On Thursday, September 14, Jim Bunsey, Director of Commercial Business Development for the Propane Education & Research Council (PERC), presented an “Energy for Everyone Hero” Award to Lance Syrett, General Manager at Ruby’s Inn, Inc. Industry leaders and Editors from several publications including ‘Trending in Propane’ toured the facilities with Syrett and several representatives of Ruby’s Inn to fully understand improvements that were made at Ruby’s Inn to be considered an Energy Hero.

“We are here this week to celebrate Ruby’s Inn and its commitment to using products that are better for the environment,” Bunsey said. “Propane is a clean energy option and is a vital component to the Inn’s sustainability efforts and operations. Propane is used in a variety of large and small applications here.”


A big problem at Ruby’s Inn for several years was keeping hot water flowing to the showers and sinks in hotels rooms throughout the 19-building resort. In a small town with just 195 permanent residents, as many as 4,000 visitors may be on the property on any given night between April and October.

The visitors, including many of whom arrive all at once in tour groups, tested the limits of Ruby’s Inn’s previous water heater infrastructure. That infrastructure couldn’t handle so many guests showering at the same time. Plus, there was no redundancy system in place, so when one of the boilers would go down, it would take close to an hour before it could recover. This led to complaints from hotel guests about hot water issues. “We can have six tour buses check in at one time, so there can be a lot of demand for hot water for showers all at once,” said Ron Harris, health and safety manager at Ruby’s Inn. “I have been here over 25 years and we had always had hot water trouble.”

“We’ve had all kinds of boilers over the years,” Harris said. “When a boiler went down, we would go two hours without hot water. You can imagine how unhappy that made the guests. We were giving away $60,000 a year in discounts and refunds.”

In several parts, ‘Trending in Propane’ will detail the process Ruby’s Inn went through to make hot water consistently available, cut energy costs, and eliminate the demand for refunds. The project became the largest project for tankless water heater manufacturer Rinnai and the project is fueled by propane. The success of the project led Ruby’s Inn to use Rinnai appliances in other applications. It has also led other, similar businesses to add propane-fueled Rinnai appliances as well.

“I would recommend a similar project as ours to other hotels and resorts, apartment buildings, hospitals and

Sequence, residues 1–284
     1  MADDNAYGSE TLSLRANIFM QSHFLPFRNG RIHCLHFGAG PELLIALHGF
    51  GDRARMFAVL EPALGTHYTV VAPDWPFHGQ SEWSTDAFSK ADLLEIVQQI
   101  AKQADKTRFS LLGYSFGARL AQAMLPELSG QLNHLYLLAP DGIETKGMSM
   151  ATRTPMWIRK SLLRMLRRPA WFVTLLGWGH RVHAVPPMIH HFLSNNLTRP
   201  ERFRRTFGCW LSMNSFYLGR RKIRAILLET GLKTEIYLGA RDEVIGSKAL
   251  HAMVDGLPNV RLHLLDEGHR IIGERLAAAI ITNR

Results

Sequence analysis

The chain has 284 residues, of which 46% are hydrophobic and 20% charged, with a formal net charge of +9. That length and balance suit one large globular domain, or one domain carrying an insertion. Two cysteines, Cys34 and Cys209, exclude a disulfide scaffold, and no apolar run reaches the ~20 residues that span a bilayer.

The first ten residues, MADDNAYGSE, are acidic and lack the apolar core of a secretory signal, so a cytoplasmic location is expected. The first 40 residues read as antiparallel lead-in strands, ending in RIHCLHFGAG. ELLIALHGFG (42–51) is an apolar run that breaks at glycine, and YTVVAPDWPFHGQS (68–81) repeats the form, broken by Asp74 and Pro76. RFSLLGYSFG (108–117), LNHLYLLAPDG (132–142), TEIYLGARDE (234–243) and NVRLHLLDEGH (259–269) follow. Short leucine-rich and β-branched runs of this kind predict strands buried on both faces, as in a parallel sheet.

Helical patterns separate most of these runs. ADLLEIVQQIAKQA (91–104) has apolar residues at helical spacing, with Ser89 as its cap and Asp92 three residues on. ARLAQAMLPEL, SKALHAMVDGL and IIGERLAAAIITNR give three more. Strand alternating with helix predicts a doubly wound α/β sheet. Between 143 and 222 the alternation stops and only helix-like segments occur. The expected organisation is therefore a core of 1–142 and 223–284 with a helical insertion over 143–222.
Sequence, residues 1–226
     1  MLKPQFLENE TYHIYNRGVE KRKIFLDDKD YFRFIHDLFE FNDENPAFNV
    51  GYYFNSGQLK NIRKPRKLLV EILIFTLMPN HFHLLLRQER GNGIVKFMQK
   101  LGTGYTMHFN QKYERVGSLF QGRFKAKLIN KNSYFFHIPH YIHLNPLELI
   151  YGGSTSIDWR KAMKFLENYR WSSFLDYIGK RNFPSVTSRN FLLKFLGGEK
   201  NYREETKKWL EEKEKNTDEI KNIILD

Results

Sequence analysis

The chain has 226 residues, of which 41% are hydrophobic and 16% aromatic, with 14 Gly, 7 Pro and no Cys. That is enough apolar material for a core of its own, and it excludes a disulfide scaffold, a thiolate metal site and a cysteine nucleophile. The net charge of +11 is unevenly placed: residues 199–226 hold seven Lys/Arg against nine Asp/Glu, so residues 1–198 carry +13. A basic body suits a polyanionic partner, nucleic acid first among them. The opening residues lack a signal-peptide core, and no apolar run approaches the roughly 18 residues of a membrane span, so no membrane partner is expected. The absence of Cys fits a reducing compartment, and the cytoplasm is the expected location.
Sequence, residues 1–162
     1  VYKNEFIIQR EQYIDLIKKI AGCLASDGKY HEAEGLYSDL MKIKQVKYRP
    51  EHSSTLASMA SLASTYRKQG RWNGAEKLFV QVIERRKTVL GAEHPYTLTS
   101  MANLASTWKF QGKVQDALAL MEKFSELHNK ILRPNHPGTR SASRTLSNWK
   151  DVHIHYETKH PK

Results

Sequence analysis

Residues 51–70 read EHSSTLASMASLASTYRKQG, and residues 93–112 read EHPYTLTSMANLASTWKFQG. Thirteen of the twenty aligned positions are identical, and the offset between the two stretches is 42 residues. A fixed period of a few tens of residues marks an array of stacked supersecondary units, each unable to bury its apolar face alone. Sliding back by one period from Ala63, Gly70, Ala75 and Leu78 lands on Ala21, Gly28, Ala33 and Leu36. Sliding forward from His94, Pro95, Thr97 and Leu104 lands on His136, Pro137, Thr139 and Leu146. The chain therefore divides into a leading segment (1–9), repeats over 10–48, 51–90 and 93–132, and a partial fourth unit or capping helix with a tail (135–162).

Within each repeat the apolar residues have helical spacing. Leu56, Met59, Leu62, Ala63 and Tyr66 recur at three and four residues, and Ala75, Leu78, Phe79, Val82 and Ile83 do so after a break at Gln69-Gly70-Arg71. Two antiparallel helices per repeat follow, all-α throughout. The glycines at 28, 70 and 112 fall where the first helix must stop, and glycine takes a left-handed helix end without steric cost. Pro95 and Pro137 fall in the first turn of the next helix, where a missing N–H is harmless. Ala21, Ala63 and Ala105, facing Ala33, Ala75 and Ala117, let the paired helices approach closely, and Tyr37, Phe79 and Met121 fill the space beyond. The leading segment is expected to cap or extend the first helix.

penitentiaries who are struggling with hot water issues,” Harris said at the award ceremony.


Bryce Canyon and propane have a similar timeline for discovery and growth in public interest although it would be many years before the value of propane as a primary energy source for Bryce Canyon would come into focus. Around the time French chemist Marcellin Berthelot discovered propane in 1857, Mormon pioneers had arrived in the Salt Lake Valley and were scouting the Utah territory to discover suitable lands to settle and farm. A book by A. Jean Seiler, Ruby’s Inn at Bryce Canyon, describes Ebenezer Bryce, a convert from Scotland, and his wife, Mary, who were sent to St. George to help build the Mormon temple. In 1875, Ebenezer, Mary, and their 10 children moved from St. George to the upper Paria Valley and built a home at the canyon that would later bear his name. Times were hard and the need to provide food, shelter and safety were a major focus and little attention was given to the immense beauty of the canyon. Ebenezer himself had simply described it as “a hell of a place to lose a cow.”

In 1911, propane became available commercially as one of a group of liquified petroleum gases (LP gases) and people started using propane to heat their homes. In 1916, Reuben “Ruby” and Minnie Syrett left their home in Panguitch, Utah, and ventured to the edge of the Paunsaugunt Plateau to homestead a quarter section of land and build their ranch.

After six weeks, a cousin and rancher from Tropic, stopped for a neighborly chat. He asked if they had seen Bryce Canyon and Ruby said, “No, what is it?” The cousin replied that it was just a hole in the ground, but you should see it. Once they finally saw it, they were amazed at the coloring and the rock formations. From that day on they thought everyone should see it. Little did they know when they settled near Bryce Canyon that providing hospitality to visitors from all over the world to their quiet secluded area would be a family business for many generations for many years to come.

Next week, in Part Two we’ll discuss further how Ruby’s Inn evolved into a thriving resort in Southern Utah as the demand for hospitality grew. We’ll also discuss further how that new fuel, propane, would be put to work to provide the hot water that was so critically needed for customer satisfaction as well as many more benefits!